CULTURE SHOCK? How To Understand and Embrace It!

By: Gao

First and foremost…
What is culture shock? Culture shock is the array of emotions one feels when being exposed to a different cultural environment or perspective than their own. This can be applied to anyone and everyone in situations that are new to them. For me, it was moving two and a half hours away from home for college. For others, this may include: moving to a different state, starting a new job, going to workshops or conferences, and much more. There is not one way to experience culture shock; it is perceived and rooted differently for individuals because of their unique experiences, modes of processing, and backgrounds. 

The 4 Stages of Culture Shock

  1. Honeymoon Stage — this the first stage in a situation where everything seems to be going great! Life is good, no stress, new beginnings, all hopeful, and exciting expectations for what is to come. 
  2. Crisis — things take a turn and become more seriously rooted. You’re realizing this is completely different than what you expected, or wanted, and now you’re stuck. You don’t know where to go, you’re confused, anxious, or scared even. This is often the most difficult stage to be in. Breathe, it’s going to be okay!
  3. Recovery and Adapt — here, you identify the problem, speak your truth, understand the context, and find what is going to help stabilize you and neutralize the situation. You are finding your grounding and making the effort to battle your crisis. You’ve got your head in the right place, keep going!
  4. Acceptance — in the end, you come to accept it. Move along with your life, onto the next chapter, and let things flow. It is time to begin again and indulge in what you have gained from this experience. 

NOTE: This is not a set flow of how culture shock may hit YOU. Some people may go straight into the crisis stage, recover, adapt, and then honeymoon. Others, may jump back and forth between stages and that’s okay. 

Image: rock stacks on log on rocky beach shoreline
Text: culture shock: how to understand and embrace it.

Your experiences are valid!
My parents came from camps in Thailand during the Vietnam War as refugees. This makes me a first generation Hmong American womxn and fuels my unique experiences and understanding of life. However, my “adulting” journey and bicultural identity pushes different cultural perceptions and ambitions from those of my parents. Deciding to leave home to further my education instead of marriage, ignited a protest between me and my parents. Thus a crisis is born, and so the stages unravel.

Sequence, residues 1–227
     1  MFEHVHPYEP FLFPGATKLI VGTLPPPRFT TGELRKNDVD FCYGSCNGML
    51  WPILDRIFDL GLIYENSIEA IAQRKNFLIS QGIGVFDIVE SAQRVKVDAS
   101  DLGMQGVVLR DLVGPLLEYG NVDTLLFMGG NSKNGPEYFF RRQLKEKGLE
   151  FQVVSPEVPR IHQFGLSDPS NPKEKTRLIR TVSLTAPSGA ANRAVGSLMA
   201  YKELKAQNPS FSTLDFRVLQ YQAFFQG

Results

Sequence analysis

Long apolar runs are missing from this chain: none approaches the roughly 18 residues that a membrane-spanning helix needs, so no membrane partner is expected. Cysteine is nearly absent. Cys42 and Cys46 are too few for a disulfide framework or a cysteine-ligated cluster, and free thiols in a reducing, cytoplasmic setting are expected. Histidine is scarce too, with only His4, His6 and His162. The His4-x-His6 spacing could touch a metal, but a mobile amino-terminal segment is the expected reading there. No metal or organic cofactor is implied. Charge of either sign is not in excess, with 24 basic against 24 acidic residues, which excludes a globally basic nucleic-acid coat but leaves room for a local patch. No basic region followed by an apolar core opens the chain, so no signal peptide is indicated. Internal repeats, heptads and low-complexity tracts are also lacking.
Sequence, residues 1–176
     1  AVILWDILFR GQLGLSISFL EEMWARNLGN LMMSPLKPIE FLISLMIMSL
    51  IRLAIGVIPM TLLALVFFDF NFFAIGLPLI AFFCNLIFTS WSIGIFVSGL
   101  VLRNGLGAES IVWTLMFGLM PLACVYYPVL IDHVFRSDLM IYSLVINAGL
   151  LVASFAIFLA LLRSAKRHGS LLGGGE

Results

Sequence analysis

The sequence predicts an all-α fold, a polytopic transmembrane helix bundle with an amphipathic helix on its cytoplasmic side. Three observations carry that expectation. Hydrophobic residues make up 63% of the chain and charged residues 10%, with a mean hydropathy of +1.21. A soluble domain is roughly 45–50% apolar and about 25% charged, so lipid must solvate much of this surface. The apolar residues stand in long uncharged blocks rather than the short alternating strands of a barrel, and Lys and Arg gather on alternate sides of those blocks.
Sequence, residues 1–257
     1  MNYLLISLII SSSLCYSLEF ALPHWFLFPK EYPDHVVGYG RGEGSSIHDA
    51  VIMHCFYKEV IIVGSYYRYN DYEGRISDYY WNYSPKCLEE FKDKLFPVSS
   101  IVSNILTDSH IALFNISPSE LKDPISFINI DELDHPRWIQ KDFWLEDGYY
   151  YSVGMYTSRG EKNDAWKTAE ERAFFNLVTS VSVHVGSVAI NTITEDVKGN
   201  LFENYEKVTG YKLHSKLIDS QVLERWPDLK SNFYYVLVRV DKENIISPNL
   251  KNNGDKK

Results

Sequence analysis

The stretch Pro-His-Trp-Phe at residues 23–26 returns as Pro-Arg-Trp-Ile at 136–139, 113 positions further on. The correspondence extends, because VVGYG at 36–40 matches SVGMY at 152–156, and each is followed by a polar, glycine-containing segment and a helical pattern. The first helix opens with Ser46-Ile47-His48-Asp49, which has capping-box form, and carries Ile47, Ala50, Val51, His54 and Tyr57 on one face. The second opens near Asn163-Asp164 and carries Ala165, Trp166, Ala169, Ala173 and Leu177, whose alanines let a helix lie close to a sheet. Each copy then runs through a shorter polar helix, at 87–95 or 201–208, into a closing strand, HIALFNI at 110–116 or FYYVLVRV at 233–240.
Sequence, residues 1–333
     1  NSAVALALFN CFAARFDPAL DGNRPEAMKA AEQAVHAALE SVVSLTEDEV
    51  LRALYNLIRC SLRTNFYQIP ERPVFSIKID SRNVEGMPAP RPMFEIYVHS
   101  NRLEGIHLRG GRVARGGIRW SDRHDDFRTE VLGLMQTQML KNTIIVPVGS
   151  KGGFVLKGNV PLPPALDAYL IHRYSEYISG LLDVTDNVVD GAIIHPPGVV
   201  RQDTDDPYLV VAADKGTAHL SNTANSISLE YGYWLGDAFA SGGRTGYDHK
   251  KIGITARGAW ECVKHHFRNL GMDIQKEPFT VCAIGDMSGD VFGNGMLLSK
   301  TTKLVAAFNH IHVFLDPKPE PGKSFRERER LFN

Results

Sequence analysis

A few weeks into the semester, I started to find my grounding. I got a job, became close with my roommates, and accepted that my experiences and perceptions were valid. I discovered resources through my roommates, advisor, counselor, and even my job as a peer educator!  It made the reality of leaving my home an opportunity to create my own. Despite the many times I felt alone, confused, and scared I came to find that I wasn’t. There was a whole community here ready to support and help me; the honeymoon stage was finally kicking in.  

How can this apply to you?
As a college student, you are being exposed to a very different world around you. One you may not have ever known or have only dipped your feet in. It is a time where freedom is given, responsibilities run toward you, and motivation and passion begin to ride the highs and lows. And it doesn’t end here! 

The process and stages of culture shock will come and go all throughout your life. In your career, home, life goals, education, and much more. That is OKAY! These four stages will help you understand yourself and push through the many crises you will come across. It is not a program that you graduate from after you have completed the last step, it is an everlasting mechanism that aids you in recognizing the control you have on your life, and future.  

Of Possible Interest:
On the Job – all our blog posts on the topic
Diversity in the Workplace – all our blog posts on the topic
Now That You’re On the Job – our Pinterest board filled with articles & resources

Read Gao’s other posts

Photo Source: Unsplash | Markus Spiske

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